The second climb was infront and again I attacked it and relaxed on the downhill catching and passing the group I had been aiming for. Now it was just 3 miles to go, a Saturday parkrun, but the business end of the race!
Some where between miles 10 and 12 I caught up with a runner who looked over at me and then said 'I enjoy your blog posts', this took me by surprise and in those brief few minutes I found out we had been chatting via Twitter before the race. It was @Ali140128.
With only a mile to go the legs were starting to hurt and the mind starting to wonder, the straight road was becoming boring along the river side and I couldn't see the finish anywhere. My garmin was now quite a bit out so I couldn't trust that for the distance. I just had to dig in and hold my pace.
Mandy gave me a shout of encouragement but due to the rain which had started from about mile 11, my eyes were stinging and I didn't spot her or the big banner which said 400 metres to go!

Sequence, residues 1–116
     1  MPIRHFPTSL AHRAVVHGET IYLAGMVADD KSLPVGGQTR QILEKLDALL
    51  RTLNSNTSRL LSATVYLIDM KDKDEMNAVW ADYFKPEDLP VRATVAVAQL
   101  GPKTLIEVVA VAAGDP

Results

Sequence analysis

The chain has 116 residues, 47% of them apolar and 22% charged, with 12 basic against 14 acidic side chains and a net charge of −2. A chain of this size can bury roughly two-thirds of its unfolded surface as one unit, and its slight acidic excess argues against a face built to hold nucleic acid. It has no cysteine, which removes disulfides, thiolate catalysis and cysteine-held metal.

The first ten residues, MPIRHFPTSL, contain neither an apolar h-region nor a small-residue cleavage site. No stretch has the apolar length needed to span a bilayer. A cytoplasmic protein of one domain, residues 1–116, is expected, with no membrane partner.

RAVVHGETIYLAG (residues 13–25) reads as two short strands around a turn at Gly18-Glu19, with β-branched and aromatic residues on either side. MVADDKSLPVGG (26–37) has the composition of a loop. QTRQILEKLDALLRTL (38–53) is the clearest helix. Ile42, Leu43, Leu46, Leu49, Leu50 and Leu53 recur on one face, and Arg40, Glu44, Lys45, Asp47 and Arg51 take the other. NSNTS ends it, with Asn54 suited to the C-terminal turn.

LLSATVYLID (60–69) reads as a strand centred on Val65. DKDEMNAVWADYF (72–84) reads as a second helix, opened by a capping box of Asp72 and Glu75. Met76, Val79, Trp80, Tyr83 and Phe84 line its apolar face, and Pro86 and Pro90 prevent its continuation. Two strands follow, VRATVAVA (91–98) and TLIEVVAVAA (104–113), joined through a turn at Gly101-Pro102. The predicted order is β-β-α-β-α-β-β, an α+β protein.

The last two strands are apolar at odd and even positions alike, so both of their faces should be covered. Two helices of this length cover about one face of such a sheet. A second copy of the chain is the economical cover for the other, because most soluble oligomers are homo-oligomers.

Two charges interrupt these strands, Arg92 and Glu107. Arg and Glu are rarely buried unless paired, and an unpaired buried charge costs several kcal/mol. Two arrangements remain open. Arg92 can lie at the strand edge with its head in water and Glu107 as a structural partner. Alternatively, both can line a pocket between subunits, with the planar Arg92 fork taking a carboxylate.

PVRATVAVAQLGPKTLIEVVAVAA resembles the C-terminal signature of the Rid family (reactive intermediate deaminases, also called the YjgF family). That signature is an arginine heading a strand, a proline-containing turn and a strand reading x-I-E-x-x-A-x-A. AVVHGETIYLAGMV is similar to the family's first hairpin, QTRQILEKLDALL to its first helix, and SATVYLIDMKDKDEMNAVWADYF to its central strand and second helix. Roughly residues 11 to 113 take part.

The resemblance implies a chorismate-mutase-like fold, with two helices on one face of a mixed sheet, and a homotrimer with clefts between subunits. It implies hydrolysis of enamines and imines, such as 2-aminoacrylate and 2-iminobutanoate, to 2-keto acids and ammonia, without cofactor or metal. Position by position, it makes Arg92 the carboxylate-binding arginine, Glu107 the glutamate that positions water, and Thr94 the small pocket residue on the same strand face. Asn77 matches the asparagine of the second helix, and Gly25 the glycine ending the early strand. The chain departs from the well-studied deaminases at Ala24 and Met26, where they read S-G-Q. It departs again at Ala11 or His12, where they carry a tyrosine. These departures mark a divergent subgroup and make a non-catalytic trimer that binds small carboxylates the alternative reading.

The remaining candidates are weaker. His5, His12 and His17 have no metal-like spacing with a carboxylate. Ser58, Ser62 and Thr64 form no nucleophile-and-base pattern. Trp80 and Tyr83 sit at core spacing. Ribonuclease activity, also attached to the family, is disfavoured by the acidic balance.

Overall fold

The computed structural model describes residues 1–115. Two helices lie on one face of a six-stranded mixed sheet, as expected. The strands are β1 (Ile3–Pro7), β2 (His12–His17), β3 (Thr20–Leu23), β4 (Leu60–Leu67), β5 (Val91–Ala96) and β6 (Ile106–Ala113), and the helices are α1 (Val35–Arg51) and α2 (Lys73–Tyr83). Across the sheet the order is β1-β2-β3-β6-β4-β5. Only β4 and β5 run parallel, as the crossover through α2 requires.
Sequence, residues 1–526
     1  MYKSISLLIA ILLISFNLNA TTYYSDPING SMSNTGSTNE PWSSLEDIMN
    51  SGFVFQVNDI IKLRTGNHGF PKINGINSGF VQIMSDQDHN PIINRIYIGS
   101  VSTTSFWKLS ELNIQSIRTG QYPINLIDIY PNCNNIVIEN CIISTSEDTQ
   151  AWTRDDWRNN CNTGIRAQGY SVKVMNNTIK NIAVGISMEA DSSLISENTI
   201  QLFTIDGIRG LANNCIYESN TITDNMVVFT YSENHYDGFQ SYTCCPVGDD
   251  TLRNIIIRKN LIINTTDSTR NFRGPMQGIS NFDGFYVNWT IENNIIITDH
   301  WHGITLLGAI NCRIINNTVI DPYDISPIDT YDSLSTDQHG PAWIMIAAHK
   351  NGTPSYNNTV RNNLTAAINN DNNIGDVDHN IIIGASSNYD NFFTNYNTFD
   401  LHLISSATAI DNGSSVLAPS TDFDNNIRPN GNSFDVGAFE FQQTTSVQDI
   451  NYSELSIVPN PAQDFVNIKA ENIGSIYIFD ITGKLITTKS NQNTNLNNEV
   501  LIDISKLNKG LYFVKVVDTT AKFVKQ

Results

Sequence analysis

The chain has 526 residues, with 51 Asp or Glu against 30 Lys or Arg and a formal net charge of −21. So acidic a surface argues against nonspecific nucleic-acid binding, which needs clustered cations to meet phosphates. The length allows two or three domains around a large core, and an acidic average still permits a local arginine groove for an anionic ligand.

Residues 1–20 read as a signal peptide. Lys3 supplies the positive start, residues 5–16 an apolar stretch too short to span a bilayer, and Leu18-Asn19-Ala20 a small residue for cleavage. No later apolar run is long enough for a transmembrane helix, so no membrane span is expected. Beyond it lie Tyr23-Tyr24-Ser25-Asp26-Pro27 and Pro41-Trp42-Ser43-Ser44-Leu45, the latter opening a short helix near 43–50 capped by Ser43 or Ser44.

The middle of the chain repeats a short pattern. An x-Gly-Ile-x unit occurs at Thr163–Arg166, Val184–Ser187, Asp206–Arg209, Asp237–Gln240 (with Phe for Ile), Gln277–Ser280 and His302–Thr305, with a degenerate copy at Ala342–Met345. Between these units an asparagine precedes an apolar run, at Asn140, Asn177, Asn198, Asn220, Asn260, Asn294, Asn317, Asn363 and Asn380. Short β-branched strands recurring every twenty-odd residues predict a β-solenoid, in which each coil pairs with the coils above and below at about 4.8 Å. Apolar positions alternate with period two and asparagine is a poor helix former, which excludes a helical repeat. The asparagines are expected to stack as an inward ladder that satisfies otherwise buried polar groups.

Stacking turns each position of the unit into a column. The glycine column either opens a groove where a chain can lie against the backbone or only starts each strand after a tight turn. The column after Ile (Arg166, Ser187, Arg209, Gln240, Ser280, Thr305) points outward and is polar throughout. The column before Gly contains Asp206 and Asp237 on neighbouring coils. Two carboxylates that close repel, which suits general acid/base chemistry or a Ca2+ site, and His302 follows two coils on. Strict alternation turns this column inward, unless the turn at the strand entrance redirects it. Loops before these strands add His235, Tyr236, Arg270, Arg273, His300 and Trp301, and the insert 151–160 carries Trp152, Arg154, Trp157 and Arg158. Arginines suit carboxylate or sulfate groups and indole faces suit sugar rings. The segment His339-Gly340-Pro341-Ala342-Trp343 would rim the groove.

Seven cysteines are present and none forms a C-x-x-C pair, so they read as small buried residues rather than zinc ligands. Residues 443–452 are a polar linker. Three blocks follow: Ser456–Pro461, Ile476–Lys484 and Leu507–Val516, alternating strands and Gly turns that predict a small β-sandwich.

Coming in Glasgow Green the finish line looked so far away! I struggled to keep my legs moving and also prevent myself from being sick, I was giving it my all in the final stretch and was over the moon to see the clock tick at 1:23.16.
My aim for this race was to get a season's best, even if it was just a couple of seconds, but to go out and take over 2 minutes off my time from Moray Half Marathon was unexpected. I just felt really relaxed for most of the race and it shows in the result. I was 1 minute outside my PB and it was the fastest I have ran a half marathon in 2 years. I've got Glen Clova in November so I might just shoot for a PB there but it really depends on weather conditions as that course can be brutal!